by Tom Precious
The New York Racing Association lost a five-year-old lawsuit Feb. 24 when the state’s highest court refused to hear its appeal in a case potentially worth millions of dollars in back simulcasting payments to the racing entity.
The New York Court of Appeals rejected an appeal motion by NYRA in a case brought in 2004 against the New York City Off-Track Betting Corp. A lower appellate court had found NYRA did not timely file its legal action against NYCOTB within a 90-day period of its claims that the OTB had breached a simulcasting contract.
At issue is a contract that dates back to 1996 involving annual payments from NYCOTB to NYRA for its simulcasting signals. Under the terms of the original deal, NYCOTB pays NYRA $675,000 a month for the signal. When the contract expired in 2002, a clause was to have kicked in permitting the terms to continue, but with NYCOTB paying an increased fee — 7.75% on a base of $9 million beyond the $675,000 monthly level.
The court’s action upholds a 2007 decision by Supreme Court Judge Bernard J. Fried in Manhattan, who found several legal flaws in NYRA’s action, including a notice to sue the wrong party – New York City instead of NYCOTB – by NYRA and failure to bring the case within 90 days of the contract breach. The deal expired in 2002, but NYRA’s case was not brought until early 2004, court papers show.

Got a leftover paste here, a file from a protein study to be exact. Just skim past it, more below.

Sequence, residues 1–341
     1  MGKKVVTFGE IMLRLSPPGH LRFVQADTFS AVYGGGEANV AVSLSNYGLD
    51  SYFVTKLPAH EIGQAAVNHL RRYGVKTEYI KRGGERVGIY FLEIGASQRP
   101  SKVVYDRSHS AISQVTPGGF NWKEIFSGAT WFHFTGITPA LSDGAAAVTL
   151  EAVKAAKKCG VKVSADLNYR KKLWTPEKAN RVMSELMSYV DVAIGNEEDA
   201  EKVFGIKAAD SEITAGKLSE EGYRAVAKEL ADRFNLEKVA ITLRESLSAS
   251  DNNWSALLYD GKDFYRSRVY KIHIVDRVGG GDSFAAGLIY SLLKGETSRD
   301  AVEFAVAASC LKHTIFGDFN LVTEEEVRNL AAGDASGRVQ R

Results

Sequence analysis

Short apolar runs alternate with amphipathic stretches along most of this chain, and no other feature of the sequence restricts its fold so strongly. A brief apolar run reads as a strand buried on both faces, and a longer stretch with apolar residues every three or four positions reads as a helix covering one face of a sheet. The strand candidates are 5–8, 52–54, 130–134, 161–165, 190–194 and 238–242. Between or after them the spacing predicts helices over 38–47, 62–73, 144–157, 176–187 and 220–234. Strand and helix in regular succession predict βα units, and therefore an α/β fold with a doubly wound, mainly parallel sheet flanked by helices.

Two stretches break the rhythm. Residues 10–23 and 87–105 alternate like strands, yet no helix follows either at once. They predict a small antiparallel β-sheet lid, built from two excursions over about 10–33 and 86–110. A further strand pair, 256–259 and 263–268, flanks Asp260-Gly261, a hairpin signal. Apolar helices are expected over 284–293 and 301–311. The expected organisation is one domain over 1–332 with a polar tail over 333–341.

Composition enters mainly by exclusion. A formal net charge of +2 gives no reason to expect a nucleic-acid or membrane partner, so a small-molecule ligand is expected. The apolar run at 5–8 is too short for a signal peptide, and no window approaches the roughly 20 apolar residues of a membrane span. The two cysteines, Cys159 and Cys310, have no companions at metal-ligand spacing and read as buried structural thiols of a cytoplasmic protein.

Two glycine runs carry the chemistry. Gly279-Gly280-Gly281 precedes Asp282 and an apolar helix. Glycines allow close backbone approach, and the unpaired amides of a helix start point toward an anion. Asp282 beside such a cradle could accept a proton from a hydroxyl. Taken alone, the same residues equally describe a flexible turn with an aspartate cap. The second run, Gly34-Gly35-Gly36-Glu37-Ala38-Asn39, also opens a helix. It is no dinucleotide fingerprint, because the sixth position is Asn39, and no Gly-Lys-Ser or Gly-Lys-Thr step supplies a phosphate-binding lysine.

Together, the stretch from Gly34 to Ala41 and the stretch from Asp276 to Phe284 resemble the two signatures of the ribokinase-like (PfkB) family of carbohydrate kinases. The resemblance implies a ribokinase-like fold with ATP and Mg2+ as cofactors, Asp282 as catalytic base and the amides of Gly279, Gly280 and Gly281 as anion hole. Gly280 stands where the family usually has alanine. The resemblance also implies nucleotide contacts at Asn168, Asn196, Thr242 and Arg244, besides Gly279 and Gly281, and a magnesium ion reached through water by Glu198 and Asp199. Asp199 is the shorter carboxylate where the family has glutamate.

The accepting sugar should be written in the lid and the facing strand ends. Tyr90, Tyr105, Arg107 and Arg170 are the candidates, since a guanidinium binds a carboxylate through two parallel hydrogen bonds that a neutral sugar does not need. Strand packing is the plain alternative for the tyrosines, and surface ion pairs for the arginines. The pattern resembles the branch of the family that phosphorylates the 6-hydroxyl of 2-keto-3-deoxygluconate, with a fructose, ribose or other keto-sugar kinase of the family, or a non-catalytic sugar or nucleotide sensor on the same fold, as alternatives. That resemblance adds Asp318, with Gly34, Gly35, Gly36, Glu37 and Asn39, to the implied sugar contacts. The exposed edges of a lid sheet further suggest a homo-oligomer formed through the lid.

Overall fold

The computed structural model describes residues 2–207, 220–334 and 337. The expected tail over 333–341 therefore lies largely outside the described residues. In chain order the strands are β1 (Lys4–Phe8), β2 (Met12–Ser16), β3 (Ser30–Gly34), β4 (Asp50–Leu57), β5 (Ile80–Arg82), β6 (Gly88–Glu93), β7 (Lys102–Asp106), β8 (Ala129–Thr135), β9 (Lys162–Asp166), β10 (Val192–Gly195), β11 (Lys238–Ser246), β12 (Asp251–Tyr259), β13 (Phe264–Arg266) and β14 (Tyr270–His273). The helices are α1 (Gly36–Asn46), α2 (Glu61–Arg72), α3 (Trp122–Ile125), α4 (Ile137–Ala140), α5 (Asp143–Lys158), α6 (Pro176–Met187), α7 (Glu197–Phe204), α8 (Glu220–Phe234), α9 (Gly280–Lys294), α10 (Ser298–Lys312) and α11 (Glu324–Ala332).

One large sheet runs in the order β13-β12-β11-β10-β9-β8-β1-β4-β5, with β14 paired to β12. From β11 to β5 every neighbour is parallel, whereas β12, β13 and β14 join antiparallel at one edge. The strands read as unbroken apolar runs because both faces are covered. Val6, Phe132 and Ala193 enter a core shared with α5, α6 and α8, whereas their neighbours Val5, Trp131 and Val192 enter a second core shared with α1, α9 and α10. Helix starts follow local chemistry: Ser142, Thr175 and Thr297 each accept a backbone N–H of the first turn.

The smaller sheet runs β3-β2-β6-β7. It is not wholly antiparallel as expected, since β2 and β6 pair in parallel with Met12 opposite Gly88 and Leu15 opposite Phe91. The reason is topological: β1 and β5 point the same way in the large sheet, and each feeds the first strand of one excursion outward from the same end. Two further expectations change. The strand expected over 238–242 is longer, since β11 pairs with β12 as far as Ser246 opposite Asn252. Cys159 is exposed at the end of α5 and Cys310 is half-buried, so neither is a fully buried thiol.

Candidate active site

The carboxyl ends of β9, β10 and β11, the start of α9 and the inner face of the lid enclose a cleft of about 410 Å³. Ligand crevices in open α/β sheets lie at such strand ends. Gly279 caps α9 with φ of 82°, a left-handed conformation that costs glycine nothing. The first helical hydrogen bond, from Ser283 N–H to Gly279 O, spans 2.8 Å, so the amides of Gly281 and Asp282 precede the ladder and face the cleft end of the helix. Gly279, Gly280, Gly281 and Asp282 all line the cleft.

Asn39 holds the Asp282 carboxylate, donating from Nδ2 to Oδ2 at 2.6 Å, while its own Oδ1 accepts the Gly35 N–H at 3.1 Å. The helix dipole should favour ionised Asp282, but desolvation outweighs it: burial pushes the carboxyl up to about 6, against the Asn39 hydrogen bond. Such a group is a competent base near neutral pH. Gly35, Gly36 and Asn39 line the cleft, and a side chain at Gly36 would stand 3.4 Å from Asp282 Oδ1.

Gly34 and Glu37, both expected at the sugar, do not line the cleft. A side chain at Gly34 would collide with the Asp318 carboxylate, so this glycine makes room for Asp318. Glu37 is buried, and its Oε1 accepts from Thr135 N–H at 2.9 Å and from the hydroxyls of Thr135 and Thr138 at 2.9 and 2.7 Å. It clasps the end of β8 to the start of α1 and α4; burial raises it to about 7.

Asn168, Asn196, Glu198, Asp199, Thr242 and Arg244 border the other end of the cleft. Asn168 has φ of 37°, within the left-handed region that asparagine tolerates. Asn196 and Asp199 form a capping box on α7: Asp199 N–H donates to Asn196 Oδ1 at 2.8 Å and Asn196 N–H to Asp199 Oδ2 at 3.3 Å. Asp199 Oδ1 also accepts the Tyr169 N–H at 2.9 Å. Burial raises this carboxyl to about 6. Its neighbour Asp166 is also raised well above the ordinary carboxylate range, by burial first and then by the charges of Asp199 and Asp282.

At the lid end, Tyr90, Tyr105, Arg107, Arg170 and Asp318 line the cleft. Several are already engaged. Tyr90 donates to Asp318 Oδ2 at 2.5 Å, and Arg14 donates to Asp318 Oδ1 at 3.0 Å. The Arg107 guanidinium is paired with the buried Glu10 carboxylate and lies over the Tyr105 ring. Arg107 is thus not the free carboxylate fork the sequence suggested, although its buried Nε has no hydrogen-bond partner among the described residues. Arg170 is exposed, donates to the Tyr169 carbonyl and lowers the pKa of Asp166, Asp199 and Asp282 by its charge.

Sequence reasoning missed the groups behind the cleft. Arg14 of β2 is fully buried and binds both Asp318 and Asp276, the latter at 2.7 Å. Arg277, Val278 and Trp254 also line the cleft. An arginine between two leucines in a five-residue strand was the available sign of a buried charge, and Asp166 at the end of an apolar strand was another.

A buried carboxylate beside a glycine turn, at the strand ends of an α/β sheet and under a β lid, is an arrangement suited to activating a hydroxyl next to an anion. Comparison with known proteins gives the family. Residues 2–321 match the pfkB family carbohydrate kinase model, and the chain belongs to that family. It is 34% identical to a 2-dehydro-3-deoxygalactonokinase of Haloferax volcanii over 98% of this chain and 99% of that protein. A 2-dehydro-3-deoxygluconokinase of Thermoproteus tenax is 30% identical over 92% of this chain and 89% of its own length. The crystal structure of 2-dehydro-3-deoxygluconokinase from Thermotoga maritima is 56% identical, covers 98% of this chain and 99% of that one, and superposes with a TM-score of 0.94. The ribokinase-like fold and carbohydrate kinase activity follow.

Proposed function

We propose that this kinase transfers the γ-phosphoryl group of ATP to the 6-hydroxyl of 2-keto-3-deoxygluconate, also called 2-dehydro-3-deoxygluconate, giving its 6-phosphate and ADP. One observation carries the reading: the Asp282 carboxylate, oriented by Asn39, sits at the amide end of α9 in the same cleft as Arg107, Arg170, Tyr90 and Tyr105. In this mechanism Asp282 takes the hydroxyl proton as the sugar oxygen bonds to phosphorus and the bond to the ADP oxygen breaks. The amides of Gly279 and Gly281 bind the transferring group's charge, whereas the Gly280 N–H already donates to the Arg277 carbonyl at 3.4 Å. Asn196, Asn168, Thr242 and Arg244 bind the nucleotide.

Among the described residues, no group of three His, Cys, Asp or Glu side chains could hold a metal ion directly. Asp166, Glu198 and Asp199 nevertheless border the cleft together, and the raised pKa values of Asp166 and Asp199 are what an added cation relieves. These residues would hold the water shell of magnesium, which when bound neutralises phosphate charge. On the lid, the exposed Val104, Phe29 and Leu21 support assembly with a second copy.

In its original legal papers in 2004, NYRA had sought $10 million against NYCOTB for breach of contract and $10 million for “unjust enrichment’’ by NYCOTB for failing to pay the higher contract terms.
The state’s highest court, in rejecting NYRA’s appeal, did not consider the merits of NYRA’s breach of contract assertions. The court issued its decision February 24 without comment.